Community-wide promotional activities, improving cycle routes and targeted marketing to households all have the potential to increase cycling in the population, finds a study published by the British Medical Journal on 19 October. This could make a valuable contribution to improving public health.
There is a strong case for promoting cycling on health grounds, write Lin Yang and colleagues from the MRC Epidemiology Unit and the UKCRC Centre for Diet and Activity Research (CEDAR) in Cambridge. Physical activity reduces the risk of cardiovascular disease, diabetes and premature mortality. Cycling is a form of physical activity that could be incorporated into many people’s daily routines as a mode of transport, resulting in both health and environmental benefits.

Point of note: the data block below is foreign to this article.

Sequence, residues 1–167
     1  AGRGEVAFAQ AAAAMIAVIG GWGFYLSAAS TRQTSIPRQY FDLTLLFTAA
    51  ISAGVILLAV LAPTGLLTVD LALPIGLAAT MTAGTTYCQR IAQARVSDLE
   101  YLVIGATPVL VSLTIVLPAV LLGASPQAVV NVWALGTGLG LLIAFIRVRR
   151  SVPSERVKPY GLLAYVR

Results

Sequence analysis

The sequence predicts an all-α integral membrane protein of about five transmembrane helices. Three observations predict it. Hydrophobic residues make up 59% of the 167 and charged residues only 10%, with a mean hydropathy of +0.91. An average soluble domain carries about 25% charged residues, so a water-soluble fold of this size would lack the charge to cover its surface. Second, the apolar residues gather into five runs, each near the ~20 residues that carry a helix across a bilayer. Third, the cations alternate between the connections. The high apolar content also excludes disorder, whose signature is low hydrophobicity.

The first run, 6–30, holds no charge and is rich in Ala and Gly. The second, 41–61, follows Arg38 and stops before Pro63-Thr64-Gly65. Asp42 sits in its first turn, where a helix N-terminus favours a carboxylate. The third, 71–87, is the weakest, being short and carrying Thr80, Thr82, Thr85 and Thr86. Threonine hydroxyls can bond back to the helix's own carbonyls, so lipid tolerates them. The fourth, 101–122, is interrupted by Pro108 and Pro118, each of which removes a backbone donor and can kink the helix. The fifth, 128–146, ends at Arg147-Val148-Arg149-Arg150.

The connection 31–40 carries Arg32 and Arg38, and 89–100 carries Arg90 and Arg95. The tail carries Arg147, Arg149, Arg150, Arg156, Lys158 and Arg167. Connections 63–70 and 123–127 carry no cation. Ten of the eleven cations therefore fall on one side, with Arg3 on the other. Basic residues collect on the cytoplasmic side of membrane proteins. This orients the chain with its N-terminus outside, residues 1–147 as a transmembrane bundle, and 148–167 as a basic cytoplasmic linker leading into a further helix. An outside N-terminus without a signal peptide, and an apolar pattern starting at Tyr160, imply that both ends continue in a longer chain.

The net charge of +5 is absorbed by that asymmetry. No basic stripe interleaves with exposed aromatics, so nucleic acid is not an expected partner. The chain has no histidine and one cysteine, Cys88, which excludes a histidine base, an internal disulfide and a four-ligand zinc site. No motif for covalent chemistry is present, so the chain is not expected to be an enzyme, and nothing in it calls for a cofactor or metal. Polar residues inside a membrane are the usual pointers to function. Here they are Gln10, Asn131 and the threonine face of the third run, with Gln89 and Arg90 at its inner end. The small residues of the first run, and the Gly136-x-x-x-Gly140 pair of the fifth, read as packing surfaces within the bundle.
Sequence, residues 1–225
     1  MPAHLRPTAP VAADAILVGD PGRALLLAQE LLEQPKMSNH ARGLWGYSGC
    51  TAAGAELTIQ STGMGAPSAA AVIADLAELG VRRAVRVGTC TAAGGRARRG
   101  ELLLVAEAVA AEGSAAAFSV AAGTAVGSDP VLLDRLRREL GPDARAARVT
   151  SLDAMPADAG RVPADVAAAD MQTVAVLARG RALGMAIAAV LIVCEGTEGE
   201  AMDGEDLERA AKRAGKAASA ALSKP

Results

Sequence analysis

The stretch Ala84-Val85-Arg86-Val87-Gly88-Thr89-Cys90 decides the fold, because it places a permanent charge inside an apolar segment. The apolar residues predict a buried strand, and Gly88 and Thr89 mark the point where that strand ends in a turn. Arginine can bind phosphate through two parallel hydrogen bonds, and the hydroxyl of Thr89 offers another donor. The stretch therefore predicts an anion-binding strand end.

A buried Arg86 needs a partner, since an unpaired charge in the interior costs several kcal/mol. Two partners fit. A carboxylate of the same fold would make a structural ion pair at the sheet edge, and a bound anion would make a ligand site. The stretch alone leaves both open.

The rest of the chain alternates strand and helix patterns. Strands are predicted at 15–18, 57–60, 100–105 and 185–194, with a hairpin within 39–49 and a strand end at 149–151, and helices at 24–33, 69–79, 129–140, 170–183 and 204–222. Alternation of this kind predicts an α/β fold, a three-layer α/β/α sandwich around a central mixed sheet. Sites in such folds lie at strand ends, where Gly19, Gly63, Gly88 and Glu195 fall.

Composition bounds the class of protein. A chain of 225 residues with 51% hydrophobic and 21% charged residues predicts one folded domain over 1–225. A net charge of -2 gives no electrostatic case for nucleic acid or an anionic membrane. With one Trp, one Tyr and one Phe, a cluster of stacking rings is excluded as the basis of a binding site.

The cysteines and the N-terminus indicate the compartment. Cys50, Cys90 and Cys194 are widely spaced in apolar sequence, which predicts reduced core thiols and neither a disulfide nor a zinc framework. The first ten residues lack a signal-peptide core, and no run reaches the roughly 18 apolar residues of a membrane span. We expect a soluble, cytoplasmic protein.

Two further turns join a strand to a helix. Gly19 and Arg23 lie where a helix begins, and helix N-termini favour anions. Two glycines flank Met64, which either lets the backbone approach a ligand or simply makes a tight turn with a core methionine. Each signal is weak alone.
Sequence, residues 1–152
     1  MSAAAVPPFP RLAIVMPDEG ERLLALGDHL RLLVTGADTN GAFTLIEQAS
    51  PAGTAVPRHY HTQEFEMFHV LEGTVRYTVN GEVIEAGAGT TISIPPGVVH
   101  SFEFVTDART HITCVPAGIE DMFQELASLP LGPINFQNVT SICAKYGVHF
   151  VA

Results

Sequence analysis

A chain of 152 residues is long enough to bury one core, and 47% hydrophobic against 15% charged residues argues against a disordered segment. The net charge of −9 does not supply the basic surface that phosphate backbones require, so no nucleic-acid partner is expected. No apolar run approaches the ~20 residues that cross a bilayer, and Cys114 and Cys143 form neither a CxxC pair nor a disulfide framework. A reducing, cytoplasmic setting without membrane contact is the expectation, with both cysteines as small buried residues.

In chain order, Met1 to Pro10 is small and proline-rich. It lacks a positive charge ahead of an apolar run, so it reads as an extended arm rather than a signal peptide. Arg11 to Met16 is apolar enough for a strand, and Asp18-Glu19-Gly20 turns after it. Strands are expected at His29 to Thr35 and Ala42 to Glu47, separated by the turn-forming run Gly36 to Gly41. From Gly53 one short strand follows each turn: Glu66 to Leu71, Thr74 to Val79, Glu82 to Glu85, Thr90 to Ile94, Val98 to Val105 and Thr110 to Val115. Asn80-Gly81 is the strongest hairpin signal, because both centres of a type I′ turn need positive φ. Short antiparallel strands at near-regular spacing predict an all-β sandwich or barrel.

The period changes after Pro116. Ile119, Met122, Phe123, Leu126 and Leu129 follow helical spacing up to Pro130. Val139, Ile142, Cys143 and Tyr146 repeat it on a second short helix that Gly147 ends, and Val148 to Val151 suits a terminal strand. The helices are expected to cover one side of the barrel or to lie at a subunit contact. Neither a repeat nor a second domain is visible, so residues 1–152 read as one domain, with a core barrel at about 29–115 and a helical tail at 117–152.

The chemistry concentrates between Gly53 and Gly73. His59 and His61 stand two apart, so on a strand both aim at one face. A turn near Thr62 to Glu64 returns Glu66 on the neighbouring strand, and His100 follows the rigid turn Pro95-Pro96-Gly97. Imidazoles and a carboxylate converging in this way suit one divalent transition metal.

The authors reviewed 25 controlled studies of different ways of promoting cycling. A variety of approaches have been found to be associated with increases in cycling in different studies: these include an intensive one-to-one programme for overweight women, targeted marketing of environmentally friendly modes of transport to households, improving routes and facilities for cycling, and integrated promotional programmes covering whole towns or cities.
However, more rigorous studies are needed to confirm how large an increase in cycling can be achieved and what impact this would have on overall physical activity in the population. Future research should also test the potential for promoting cycling through schools and workplaces, say the authors.
Link to the published paper: http://www.bmj.com/cgi/doi/10.1136/bmj.c5293
For further information please contact Dr David Ogilvie